Combining Neo4J and Hadoop (part II)

In the previous post Combining Neo4J and Hadoop (part I) we described the way we combine Hadoop and Neo4J and how we are getting the data into Neo4J.

In this second part we will take you through the journey we took to implement a distributed way to create a Neo4J database. The idea is to use our Hadoop cluster for creating the underlying file structure of a Neo4J database.
To do this we must first understand this file-structure. Luckily Chris Gioran has done a great job describing this structure in his blog Neo4J internal file storage
The description was done for version 1.6 but largely still matches the 1.8 file-structure.
First I’ll start with a small recap of the file-structure.

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Combining Neo4J and Hadoop (part I)

Why combine these two different things.
Hadoop is good for data crunching, but the end-results in flat files don’t present well to the customer, also it’s hard to visualize your network data in excel.

Neo4J is perfect for working with our networked data. We use it a lot when visualizing our different sets of data.
So we prepare our dataset with Hadoop and import it into Neo4J, the graph database, to be able to query and visualize the data.
We have a lot of different ways we want to look at our dataset so we tend to create a new extract of the data with some new properties to look at every few days.

This blog is about how we combined Hadoop and Neo4J and describes the phases we went trough in our search for the optimal solution.
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Installing a nodejs application without your good old internet

While we were building a little server to enable auditlogging on our hadoop cluster (more on that in a future blogpost) we needed a way to distribute our application.
This blog is about the packaging of this application. The application is build with nodejs and packaging and dependency management is mostly done with npm (the node package manager).

Of course installing this application in the production environment should have been as easy as the setup on our own laptop’s right? Wrong! On our laptops it was a easy git clone followed by a npm install and voila we have a running application. So how hard could it be to do this on a server at the client. Let me tell you….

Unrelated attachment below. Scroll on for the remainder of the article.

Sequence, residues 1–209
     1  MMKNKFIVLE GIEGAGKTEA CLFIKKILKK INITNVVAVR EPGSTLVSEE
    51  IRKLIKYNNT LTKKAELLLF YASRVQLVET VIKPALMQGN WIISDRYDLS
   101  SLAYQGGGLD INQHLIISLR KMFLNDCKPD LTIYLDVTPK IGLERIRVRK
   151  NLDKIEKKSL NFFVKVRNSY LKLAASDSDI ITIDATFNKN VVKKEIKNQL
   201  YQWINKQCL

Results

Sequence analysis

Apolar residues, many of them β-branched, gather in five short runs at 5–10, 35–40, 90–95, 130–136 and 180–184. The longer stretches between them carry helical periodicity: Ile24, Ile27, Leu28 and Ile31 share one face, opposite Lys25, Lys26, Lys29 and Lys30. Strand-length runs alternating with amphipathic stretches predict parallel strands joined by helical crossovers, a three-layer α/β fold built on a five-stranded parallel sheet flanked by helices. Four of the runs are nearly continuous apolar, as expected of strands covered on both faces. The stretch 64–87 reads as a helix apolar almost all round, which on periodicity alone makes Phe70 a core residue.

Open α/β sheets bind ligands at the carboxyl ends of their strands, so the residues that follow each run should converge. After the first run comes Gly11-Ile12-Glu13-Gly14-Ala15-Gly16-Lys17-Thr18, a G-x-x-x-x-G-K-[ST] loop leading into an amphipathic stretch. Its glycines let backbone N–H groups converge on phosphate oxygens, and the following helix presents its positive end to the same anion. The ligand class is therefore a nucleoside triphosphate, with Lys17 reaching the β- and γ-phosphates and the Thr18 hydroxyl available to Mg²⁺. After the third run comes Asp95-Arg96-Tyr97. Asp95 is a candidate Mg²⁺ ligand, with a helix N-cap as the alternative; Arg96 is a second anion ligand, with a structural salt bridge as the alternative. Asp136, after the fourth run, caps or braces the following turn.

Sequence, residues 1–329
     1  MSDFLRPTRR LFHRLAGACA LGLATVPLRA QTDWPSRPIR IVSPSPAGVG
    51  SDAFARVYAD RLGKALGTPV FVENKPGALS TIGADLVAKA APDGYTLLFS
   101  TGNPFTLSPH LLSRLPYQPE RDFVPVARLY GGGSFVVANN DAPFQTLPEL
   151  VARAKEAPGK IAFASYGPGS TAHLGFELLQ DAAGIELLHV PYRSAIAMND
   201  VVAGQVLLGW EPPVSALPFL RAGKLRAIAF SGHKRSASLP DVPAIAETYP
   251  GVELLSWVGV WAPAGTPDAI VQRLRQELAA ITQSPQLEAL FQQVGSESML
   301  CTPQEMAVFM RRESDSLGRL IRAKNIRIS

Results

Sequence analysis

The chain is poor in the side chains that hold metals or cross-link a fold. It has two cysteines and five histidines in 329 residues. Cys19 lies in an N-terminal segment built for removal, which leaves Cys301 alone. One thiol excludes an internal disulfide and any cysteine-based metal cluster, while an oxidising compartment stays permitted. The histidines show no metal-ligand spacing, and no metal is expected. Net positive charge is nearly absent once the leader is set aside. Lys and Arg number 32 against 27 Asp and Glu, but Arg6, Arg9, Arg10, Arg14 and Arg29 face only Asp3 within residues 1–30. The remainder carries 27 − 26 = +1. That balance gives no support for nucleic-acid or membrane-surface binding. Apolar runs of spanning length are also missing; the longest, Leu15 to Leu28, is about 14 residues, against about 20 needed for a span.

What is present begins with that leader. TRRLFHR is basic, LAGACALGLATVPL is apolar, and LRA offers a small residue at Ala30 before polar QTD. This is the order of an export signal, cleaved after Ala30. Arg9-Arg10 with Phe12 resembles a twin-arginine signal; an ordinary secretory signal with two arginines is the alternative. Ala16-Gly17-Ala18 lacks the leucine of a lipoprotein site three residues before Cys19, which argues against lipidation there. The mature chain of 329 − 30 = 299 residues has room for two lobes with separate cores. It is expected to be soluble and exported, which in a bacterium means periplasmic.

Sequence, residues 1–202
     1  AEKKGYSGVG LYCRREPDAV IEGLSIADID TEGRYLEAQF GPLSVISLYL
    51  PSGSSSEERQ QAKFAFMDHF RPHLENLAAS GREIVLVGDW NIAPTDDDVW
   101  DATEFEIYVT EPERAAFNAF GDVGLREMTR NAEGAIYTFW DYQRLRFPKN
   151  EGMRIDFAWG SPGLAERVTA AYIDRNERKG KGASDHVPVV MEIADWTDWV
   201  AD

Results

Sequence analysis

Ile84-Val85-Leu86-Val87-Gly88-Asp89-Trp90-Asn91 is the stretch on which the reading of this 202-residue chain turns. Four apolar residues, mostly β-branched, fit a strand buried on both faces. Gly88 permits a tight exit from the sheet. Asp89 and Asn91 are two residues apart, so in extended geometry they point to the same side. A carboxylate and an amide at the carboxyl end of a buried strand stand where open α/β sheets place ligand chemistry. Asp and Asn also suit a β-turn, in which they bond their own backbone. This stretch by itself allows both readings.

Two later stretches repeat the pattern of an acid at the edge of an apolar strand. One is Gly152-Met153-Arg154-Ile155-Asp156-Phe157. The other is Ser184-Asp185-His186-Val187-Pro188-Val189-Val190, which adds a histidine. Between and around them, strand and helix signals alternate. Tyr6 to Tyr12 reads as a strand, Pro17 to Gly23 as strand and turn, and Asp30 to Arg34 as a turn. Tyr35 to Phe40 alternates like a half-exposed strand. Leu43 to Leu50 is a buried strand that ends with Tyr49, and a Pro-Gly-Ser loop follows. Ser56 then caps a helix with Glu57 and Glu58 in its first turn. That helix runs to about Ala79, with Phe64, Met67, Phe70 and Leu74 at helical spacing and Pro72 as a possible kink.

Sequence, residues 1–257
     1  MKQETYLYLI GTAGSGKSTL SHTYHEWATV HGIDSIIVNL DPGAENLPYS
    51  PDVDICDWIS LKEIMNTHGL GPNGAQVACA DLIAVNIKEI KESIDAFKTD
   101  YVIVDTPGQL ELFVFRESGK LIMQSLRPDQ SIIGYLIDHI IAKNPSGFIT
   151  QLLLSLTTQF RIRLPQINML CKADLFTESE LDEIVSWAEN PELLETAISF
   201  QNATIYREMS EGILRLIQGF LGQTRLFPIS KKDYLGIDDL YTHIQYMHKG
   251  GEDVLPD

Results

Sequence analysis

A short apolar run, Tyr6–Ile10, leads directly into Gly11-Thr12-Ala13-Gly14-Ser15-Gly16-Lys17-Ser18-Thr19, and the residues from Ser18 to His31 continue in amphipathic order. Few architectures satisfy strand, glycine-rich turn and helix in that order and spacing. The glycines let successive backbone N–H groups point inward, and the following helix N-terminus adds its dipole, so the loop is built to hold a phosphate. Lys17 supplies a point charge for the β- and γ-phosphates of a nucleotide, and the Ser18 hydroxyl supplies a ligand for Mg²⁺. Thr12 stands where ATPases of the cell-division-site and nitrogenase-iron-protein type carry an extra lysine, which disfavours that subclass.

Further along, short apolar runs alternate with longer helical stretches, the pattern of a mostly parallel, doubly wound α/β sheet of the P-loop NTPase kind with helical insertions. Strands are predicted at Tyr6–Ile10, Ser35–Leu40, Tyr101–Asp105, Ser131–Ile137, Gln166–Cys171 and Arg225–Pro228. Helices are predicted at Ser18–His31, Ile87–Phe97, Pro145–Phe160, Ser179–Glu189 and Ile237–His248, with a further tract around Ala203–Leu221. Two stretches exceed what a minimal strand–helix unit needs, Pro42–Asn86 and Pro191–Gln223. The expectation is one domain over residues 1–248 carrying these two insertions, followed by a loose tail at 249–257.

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How the quest for transaction timeout’s did cost me money

At our project the focus is at making the application stable and controllable. So instead of building cool new features
we are spending our time making sure the application is able to run stable in the production environment.

After the first few issues the so called ‘Transaction timeout’ issue raised it’s ugly head.
Every now and then the application threw an exception due to a transaction timeout.
This was very strange since the timeout was set to 30 seconds and the complete processing of the whole
application was done in less than 2 seconds (spread over more than 1 transaction).
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Improving web application performance by parallelizing requests

For a web application i develop we had a problem with the performance. After a small investigation we found out that it had relations with the amount of requests to the server that were done.

The application is running in a browser (currently IE7) and browsers are generally limited to do not more then 2 parallel request to the same domain.(this has improved a bit in later versions of the browsers). In this post i will describe the quest for solutions.

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Spring JMS and WebSphere

Using Spring JMS in our application which needs to be running on WebSphere proved to be somewhat of a challenge. And since googling provided a lot of information but just a small ‘easy to miss’ piece of text to put the pieces together, i decided to write up this blog.

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Open Source GIS experiences

After being away from the GIS world for a while, I started working on a new project replacing the current used software by an open source alternative. The first small application that needed to be made was for an emergency phone call center to show the position of the caller on a map. After that a few prototypes should prove that it was doable to replace the current software stack by open source alternatives.

In this blog I will describe the tools used, a few of the problems I ran into and of course the solutions to the problems which involve coding and communication 😉

The tools used where a Java based server called Geoserver and a client side JavaScript library called OpenLayers.

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Devoxx Antwerp 2008 – Impressions


Monday 8th of December 2008 was the start of a week full of information. After attending the complete conference (including the University sessions) last year I felt it would be a good thing to do the same this year.

The university sessions give me a change to get more in-depth knowledge on some of the subjects. For this first day I had chosen the sessions on Scala and Java Power Tools.


The session about Scala has got me really interested in this (for me) new language. The combination of Object Oriented and Functional programming, the tight integration with Java (in the end its all Java bytecode) and the conciseness makes it worth my while to have a closer look. As Ted Neward mentioned in his talk: ‘Today start with Scala to experiment and prototype, so next year you’ll have the advantage of Scala knowledge to be able to use it in production systems.’

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